Ancient human viruses found in 50,000-year-old Neanderthal bones – Executive Digest

The discovery of viral DNA in 50,000-year-old Neanderthal bones found in the Sakirskaya Cave in Russia has brought new insight into the extinction of the Neanderthals. The discovery could support the theory that Neanderthals suffered from viral infections, which, although proposed in 2010, is only now beginning to receive more concrete evidence.

Marcelo Briones, a molecular biologist, and Renata Ferreira, an evolutionary geneticist at the Federal University of São Paulo in Brazil, led a team that analyzed DNA from the bones of two Neanderthals. Experts found DNA fragments from three viruses that still infect modern humans today: adenovirus, herpesvirus and papillomavirus. These viruses are known to cause colds, cold sores and genital warts respectively.

The theory that infectious diseases may have caused the extinction of Neanderthals is based on signals found in viral and bacterial genomes that suggest modern humans carried pathogens from Africa to Europe. Mathematical models have been used to simulate how diseases might spread, taking into account differences in immunity between Homo sapiens and Neanderthal species.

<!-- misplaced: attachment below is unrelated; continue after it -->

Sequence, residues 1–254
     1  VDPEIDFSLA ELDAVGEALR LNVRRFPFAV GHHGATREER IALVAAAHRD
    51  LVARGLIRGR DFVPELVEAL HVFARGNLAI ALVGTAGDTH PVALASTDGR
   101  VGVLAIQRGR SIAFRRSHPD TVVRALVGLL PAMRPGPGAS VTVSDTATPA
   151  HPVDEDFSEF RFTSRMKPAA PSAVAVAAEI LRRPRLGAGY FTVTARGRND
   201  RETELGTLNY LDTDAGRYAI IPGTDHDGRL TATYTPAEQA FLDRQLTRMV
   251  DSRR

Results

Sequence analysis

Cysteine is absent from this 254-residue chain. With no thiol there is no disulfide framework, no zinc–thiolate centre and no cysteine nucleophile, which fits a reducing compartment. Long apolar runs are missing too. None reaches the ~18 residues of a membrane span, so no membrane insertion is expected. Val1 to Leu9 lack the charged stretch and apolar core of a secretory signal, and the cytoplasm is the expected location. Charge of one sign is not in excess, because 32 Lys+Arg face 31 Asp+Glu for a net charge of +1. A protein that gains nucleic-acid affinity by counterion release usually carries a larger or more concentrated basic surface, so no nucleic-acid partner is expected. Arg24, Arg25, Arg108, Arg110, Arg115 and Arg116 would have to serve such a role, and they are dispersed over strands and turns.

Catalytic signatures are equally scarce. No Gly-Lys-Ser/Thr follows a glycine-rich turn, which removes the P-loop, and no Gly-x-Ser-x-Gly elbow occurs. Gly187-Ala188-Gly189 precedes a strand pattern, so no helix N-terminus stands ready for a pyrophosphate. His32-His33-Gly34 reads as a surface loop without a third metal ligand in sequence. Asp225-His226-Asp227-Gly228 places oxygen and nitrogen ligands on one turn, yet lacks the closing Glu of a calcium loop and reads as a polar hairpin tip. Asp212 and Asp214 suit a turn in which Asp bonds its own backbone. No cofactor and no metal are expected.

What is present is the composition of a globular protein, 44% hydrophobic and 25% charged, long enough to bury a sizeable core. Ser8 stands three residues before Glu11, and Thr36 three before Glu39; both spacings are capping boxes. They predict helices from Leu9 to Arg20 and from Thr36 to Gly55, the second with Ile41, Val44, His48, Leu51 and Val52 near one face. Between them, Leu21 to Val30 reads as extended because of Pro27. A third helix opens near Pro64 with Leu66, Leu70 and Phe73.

However, direct evidence has been limited until now due to the difficulty of extracting and sequencing ancient DNA that has been fragmented for thousands of years. Research by Briones and Ferreira’s team showed that traces of viral DNA could be detected in Neanderthal remains, representing a significant advance. This discovery was preceded by the identification of 31,000-year-old herpesvirus DNA found in the teeth of Homo sapiens in Siberia.

Despite these promising findings, the researchers stress that the results are preliminary. DNA fragments only point to the presence of viruses in Neanderthals and the study has yet to be peer-reviewed.

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In addition to viral infections, several theories have been proposed to explain the extinction of the Neanderthals. Some experts suggest that sudden environmental changes or competition with modern humans for resources may have played a role. However, these theories have been called into question as more evidence emerges of Neanderthals’ abilities as hunters, fire users, and social beings.

Other hypotheses include that small populations of Neanderthals disappeared over time, or that humans living in large groups benefited from greater genetic and cultural diversity, which gave them an advantage.

“Probably, a combination of these factors, along with others that are still unknown, contributed to the eventual extinction of the Neanderthals,” Ferreira and colleagues agree.

Investigation Available on the preprint server bioRxivand is awaiting formal scientific evaluation.

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